Wood Fired Kandila, Firebox Relic
Pedestal vessel inspired by Cycladic kandila.
This vessel fell from the top shelf of the East Creek anagama, into a side firebox sometime during the firing, meaning tons of side-stoke wood was dropped into the kiln right on top of it.
It's a miracle that it didn't break. We assume it landed on a fluffy coal bed which broke its fall, and the side stoke wood may have become incinerated by the flames before hitting the pot every time the kiln was stoked, and it's pure luck that the vessel didn't fuse to the kiln floor when the firing was finished.
Needless to say, this pot has been through a lot, and it reminds me of the astounding resilience of clay. Before firing, you can break a pot simply in the process of picking it up if you aren't mindful. After (and during) firing, it has the potential to survive the most incredible conditions; there are ancient Chinese pottery fragments dating back 20,000 years! I find some sort of peace in knowing this work will outlive me, and that they may be dug up by future generations some day.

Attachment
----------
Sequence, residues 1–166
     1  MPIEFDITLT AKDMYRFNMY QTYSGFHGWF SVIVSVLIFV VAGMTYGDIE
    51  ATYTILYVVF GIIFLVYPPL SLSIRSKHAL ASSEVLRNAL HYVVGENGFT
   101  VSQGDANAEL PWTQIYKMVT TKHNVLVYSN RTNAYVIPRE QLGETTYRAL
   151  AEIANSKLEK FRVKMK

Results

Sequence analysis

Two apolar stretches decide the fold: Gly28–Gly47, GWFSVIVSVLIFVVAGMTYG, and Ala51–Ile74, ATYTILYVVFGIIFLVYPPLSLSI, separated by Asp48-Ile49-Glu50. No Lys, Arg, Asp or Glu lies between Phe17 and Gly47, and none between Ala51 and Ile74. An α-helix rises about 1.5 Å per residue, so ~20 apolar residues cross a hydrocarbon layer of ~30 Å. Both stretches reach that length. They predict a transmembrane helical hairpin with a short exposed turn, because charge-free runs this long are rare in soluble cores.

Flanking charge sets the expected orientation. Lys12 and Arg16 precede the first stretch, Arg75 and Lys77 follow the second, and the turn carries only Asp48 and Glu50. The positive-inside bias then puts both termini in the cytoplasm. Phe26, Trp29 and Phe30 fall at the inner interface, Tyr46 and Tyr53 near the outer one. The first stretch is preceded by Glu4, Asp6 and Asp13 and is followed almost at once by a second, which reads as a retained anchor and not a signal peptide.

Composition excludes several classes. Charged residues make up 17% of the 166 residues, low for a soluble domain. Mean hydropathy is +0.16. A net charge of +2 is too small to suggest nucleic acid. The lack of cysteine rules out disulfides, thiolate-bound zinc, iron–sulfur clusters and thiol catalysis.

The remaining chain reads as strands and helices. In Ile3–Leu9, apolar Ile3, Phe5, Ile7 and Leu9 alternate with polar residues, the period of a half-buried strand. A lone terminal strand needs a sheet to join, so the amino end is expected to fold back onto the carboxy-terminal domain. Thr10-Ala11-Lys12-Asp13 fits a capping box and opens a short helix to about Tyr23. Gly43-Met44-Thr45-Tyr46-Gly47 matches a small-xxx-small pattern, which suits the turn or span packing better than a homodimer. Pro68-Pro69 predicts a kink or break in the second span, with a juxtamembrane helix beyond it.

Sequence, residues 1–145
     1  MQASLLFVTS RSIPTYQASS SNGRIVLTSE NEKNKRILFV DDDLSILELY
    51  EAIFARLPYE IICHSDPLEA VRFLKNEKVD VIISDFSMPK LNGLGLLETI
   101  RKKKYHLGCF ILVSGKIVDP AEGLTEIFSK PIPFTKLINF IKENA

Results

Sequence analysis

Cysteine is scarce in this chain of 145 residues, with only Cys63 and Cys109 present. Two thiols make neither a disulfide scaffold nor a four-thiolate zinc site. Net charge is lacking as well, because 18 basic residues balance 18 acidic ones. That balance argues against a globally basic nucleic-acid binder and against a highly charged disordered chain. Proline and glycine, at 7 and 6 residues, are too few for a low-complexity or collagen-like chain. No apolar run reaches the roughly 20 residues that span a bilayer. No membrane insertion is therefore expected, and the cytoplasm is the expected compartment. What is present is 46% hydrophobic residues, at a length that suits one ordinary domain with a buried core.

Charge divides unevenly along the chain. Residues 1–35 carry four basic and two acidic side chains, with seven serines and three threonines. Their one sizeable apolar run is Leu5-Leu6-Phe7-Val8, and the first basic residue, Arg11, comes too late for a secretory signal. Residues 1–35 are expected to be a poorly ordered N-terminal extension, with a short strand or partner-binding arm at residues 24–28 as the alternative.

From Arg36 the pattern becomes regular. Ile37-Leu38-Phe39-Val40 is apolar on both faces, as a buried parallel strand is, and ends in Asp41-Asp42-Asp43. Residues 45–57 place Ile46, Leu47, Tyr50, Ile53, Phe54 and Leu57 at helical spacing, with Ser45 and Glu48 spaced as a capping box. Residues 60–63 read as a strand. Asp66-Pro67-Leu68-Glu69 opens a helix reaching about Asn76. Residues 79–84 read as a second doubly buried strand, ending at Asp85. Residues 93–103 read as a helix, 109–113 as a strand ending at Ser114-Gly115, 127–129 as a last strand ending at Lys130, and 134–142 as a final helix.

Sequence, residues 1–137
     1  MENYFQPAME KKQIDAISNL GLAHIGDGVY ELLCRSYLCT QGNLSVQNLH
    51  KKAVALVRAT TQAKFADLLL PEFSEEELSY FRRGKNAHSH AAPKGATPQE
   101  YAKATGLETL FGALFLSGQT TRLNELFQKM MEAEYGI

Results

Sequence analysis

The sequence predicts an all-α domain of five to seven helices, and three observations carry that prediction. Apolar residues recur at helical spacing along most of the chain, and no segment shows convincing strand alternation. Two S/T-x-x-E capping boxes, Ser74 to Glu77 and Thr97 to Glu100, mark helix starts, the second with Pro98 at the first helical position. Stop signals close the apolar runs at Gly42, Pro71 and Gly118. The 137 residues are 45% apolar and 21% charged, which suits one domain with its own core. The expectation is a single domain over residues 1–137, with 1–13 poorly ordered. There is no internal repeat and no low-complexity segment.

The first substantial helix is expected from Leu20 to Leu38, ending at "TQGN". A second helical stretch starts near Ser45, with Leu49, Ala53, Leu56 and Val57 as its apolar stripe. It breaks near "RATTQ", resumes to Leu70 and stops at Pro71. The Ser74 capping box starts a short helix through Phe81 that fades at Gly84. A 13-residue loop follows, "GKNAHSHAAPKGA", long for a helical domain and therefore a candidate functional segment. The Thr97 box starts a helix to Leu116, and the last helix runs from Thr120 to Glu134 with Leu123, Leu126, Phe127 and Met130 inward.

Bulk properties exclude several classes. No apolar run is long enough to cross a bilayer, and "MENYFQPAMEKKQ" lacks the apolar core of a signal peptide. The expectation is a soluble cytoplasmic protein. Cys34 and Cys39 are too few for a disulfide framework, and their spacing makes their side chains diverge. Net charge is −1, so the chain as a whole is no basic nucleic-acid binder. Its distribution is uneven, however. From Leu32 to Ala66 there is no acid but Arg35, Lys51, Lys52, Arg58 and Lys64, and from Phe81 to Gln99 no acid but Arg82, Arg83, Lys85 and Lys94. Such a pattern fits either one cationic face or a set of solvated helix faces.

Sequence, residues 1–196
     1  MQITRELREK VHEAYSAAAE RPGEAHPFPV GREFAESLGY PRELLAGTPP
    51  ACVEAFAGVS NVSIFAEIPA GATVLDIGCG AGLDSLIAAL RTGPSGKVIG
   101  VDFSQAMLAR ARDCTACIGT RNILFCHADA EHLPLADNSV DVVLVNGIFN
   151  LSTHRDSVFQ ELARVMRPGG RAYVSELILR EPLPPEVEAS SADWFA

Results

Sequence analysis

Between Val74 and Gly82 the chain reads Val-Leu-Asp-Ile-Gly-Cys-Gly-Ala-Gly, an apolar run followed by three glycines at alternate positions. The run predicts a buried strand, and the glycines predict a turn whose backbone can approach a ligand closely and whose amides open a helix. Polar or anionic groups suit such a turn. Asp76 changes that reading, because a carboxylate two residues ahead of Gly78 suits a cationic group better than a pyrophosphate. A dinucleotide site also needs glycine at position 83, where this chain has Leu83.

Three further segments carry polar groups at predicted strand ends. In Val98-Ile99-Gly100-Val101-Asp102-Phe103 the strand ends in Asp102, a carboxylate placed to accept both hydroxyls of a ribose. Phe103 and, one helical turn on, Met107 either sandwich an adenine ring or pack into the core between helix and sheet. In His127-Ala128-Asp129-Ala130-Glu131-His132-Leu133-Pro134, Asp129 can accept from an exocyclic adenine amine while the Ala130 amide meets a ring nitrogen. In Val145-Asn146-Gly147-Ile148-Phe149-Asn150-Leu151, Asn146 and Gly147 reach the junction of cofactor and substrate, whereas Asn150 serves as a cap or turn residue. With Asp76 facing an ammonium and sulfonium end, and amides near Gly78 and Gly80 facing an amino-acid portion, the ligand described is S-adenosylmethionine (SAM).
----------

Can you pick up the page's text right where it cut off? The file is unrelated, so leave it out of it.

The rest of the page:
This pot already appears to be an excavated relic from the built up layers of ash which fused to the form, but the contrast of the glossy, galactic glaze evokes something more contemporary and ethereal. The directional lines created by the piece firing on its side remind me of the turbulent brush strokes of Pollock, and the intense atmosphere to which this vessel was subjected. The surface tells the story!
This piece is truly one of a kind. Due to the crazy circumstances in which it was fired, this surface can never be reproduced.
Approximately 6.75" H x 5" W